August 25, 2009
Military.com|by Bryant Jordan
Nodya "Gale" Reid of Montgomery, Ala., read the Veterans Administration letter in her hand, not believing at first it was meant for her.
She checked the name again and the Social Security number. It was her.
And she kept reading the first sentence over and over: "According to records of the Department of Veterans Affairs (VA), you have a diagnosis of amyotrophic lateral sclerosis."
Her heart dropped.
According to the ALS Association Web site (www.alsa.org), ALS, better known as Lou Gehrig's disease, is a neurodegenerative disease that destroys nerve cells in the brain and spinal cord, eventually taking away all motor abilities. Life expectancy is typically two to five years.
"I began crying. I was grief stricken," Reid, a former Air Force staff sergeant, who already has a service connected disability, told Military.com in a phone interview.
But Reid's fear was unnecessary. As it turns out, the VA letter diagnosing her with Lou Gehrig's disease was a terrible mistake. And Reid wasn't alone in her scare. The same letter went out to about 1,200 veterans on August 11.
VA officials have not yet replied to Military.com's request for information on the letter. According to Veterans for Common Sense and the National Gulf War Veterans Center, both of which have been alerting vets of the bogus letter, some vets may already have spent thousands of dollars on unnecessary tests to see if they had the deadly disorder.
The Gulf War Center is calling for the VA air public service announcements admitting to the error.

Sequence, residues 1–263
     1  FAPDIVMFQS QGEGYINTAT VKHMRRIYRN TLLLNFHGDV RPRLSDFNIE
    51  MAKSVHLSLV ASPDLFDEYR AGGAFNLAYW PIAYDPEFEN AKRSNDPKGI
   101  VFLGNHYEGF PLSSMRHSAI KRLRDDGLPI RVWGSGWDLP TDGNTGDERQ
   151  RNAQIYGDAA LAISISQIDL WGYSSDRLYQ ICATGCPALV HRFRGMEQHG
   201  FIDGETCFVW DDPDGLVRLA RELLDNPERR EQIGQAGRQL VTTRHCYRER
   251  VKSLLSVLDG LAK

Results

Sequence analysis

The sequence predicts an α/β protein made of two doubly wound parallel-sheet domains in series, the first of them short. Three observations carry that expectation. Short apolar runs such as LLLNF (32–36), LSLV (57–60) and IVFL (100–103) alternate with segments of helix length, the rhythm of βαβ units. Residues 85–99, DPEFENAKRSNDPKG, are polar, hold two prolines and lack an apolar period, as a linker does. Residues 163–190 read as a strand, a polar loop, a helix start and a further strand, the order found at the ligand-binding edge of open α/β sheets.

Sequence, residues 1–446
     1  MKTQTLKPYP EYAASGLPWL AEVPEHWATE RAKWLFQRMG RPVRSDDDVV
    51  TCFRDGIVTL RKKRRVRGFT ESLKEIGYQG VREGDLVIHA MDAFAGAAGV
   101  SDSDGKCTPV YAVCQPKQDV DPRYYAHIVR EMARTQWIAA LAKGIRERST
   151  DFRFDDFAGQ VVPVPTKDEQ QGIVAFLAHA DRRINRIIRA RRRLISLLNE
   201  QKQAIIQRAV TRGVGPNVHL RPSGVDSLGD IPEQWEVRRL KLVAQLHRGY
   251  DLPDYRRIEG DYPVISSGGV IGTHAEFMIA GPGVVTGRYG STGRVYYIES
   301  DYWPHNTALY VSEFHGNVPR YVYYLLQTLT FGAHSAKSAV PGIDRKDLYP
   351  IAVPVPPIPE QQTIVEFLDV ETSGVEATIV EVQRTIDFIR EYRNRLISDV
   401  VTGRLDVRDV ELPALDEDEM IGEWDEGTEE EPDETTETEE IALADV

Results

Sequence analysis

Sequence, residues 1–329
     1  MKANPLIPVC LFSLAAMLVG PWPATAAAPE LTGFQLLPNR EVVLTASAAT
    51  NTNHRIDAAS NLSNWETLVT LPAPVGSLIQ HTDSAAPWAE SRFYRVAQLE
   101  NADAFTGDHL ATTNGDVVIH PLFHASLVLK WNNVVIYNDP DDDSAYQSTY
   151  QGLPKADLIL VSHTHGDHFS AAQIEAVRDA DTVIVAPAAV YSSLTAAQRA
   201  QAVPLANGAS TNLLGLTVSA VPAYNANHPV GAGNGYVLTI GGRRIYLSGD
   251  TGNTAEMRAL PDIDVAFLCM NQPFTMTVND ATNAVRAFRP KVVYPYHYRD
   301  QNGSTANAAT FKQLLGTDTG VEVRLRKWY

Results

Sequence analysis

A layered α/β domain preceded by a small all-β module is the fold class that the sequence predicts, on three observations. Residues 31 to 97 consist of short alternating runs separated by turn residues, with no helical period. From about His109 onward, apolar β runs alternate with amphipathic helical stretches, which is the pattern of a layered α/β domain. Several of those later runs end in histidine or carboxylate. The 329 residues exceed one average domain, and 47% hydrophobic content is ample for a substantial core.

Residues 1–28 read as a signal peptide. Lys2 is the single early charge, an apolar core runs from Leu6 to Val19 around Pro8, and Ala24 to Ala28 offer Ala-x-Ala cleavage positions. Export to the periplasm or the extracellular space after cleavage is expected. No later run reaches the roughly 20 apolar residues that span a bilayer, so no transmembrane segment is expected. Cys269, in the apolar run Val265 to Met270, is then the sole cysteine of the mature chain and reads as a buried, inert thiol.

"The VA has an obligation to go on television and make public service announcements to prevent veterans from becoming overly alarmed," GWC President Jim Bunker wrote. "In addition, each veteran that was notified should be rescreened by the [VA] for neurological issues that are undiagnosed."
Reid thought that panicked veterans -- shaken or depressed by the letter diagnosing them with the deadly ailment -- would even consider committing suicide.
"I discussed this with a nurse friend of mine," Reid said. "Somebody in a fragile state of mind, they might think that [ALS] is not how they want to leave the world."
Another veteran, former Army Sgt. Brent Casey, a medic with the 82nd Airborne during the Persian Gulf War, agrees. He learned of the letter's contents on the phone, when his mother called to tell him he had a letter from the VA. As usual, he told her to open it and read it to him.
He was stunned and had to pull off the road, he said. A series of phone calls followed with a VA official.
"For 24 hours I thought I had ALS," he told Military.com. "You contemplate suicide - I knew I had only three to five years to live." Recalling his last conversation with the VA official, he said: "My words to him were, 'I'm so glad it's a mistake, but what about the other veterans who are not having this conversation or getting this explanation?' "
Casey said it has been about two weeks since the letters went out, and yet the VA has not been on TV to alert people who need to know.
"I just can't understand how the days and hours keep passing by and it's not happening," he said.
"Based on the calls we've received and the emails, there are clearly some very anxious and irate veterans out there," said Paul Sullivan, executive director for Veterans for Common Sense. "The VA needs to ensure that any costs incurred are covered."
Reid is one of those vets, in fact. She told Military.com she went to her primary physician with the letter, and though that doctor doubted Reid had ALS, the doctor referred her to a neurologist anyway.
Reid saw the neurologist, who administered some blood tests and an MRI. She also was subjected to "nerve conductivity" tests that used electrodes to shock her in about 20 different places.
"It was very, very painful," she said.
And in the end, the results indicated she did not have ALS.
"I'm keeping a running tab now of what it costs for these tests," Reid said, who estimates the bill to be about $3,000.
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